Legal, regulatory, and taxation changes, antismoking education programs, and smoking cessation assistance that incorporates nicotine replacement therapy have been associated with a reduction in the overall smoking rates in the United States, but reductions in the rates among young women, especially those with less education, have lagged behind those of men. Attempts to encourage nonvolunteer female smokers of childbearing age, including pregnant women and new mothers, to quit smoking or to modify household smoking habits to reduce infant and early childhood exposure have had very mixed results. However, even women who abstain during pregnancy do not cease permanently, because approximately two thirds resume smoking. Efforts to decrease relapses have had limited suc-cess.
Several controlled trials of ETS reduction interventions have been reported that have specifically targeted families of children with asthma. The success of these interventions has been mixed, and ETS exposure has been assessed in a variety of ways, Although one study measured ETS concentration in the home environment, most have failed to confirm parental self-report with objective measures of the child’s exposure and/or have failed to measure asthma outcomes, making it difficult to assess the clinical significance of any changes that may have occurred in the child’s exposure. Both the use of feedback to the caregiver on the child’s exposure (via urine cotinine measurement) and behaviorally base d counseling have shown promise, but these techniques have not been used in combination. www.canadian-familypharmacy.com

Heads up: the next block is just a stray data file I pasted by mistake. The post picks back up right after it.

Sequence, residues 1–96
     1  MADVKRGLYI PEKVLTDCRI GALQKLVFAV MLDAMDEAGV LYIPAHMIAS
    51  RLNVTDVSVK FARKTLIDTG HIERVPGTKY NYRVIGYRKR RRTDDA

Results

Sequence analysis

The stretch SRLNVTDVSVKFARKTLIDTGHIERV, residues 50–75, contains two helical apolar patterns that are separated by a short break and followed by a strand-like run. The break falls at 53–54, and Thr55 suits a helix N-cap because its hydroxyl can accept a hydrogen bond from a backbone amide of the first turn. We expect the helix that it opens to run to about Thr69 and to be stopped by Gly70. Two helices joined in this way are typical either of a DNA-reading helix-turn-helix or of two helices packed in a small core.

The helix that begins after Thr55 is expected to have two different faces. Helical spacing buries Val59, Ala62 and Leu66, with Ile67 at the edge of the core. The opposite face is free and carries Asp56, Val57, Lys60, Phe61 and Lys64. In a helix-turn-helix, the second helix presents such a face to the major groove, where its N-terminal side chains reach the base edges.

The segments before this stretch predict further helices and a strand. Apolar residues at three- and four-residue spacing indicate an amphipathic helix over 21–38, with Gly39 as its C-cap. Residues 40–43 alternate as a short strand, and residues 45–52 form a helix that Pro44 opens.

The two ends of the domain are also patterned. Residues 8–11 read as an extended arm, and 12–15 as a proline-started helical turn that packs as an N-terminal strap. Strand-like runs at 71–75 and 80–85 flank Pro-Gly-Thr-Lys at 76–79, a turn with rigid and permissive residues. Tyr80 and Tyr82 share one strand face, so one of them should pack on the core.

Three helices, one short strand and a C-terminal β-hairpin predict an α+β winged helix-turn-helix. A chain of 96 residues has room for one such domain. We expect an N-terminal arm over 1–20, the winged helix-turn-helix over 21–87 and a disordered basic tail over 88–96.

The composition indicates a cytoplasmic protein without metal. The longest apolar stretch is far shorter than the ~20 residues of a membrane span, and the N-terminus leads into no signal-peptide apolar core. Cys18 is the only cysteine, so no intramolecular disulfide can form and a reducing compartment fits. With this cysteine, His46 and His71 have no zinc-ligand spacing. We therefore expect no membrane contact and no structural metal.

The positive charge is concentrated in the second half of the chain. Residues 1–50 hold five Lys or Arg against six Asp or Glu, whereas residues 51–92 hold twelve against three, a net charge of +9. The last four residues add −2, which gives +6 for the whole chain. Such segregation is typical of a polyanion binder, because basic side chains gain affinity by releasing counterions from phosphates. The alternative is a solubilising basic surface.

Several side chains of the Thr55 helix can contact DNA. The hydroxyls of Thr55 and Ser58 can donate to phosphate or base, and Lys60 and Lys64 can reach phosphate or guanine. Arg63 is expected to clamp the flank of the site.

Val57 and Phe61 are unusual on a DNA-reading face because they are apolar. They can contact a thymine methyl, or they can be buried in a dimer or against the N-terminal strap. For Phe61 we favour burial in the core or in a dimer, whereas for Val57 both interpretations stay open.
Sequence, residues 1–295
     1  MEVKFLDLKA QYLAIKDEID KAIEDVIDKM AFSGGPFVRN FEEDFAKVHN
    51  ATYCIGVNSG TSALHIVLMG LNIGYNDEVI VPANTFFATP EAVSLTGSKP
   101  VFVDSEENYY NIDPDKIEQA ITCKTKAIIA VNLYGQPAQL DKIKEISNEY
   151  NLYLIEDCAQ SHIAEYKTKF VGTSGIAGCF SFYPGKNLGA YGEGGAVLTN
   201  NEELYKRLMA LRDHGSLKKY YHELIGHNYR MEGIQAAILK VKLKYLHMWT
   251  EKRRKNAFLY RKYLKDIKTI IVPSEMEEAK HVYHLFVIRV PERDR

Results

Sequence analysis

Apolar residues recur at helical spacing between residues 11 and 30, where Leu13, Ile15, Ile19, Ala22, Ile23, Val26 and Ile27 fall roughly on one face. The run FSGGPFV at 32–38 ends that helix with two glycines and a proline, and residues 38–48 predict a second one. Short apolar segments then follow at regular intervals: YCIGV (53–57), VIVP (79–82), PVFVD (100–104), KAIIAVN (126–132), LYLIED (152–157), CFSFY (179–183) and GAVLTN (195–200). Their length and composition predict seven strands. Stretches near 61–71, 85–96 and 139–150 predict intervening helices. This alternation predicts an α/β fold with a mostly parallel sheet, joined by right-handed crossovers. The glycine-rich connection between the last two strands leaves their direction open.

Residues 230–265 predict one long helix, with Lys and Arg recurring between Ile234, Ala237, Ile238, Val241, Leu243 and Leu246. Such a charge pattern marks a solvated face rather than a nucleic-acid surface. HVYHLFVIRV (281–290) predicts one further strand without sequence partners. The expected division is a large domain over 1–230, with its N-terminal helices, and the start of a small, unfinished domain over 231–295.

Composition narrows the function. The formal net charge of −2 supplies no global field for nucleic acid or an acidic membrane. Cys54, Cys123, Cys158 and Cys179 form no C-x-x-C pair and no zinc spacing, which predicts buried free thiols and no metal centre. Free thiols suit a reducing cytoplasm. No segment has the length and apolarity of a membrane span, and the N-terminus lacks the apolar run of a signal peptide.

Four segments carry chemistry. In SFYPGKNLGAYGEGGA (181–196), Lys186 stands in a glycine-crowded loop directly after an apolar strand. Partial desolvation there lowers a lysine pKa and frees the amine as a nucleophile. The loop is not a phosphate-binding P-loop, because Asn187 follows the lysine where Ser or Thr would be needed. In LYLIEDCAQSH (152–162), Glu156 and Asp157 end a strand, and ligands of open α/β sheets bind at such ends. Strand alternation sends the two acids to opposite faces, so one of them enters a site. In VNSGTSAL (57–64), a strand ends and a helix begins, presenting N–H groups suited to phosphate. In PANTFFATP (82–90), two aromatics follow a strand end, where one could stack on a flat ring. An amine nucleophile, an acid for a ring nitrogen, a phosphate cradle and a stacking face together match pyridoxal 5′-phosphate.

The present study reports the results of a controlled trial comparing a behaviorally based, nurse-administered, individual feedback and counseling intervention to reduce the ETS exposure of children with asthma who were 3 to 12 years of age and were from low-income, predominantly minority families. All of the children were at risk, having been seen for acute asthma in an urgent-care setting, hospital ED, or inpatient hospital setting in the previous year. A key feature of the intervention was repeated feedback to the parents, over a period of approximately 5 weeks, on the results of four successive urine cotin-ine measurements to inform them of the initial level of exposure of the child and the success of their efforts to reduce this exposure. The primary outcomes investigated were emergency/urgent healthcare utilization for asthma and ETS exposure as indexed by the child’s urine cotinine/creatinine ratio (CCR). Asthma hospitalization, parental reporting on whether smoking was allowed in the home and on the child’s exposure, and several indicators of asthma control also were examined on an exploratory basis.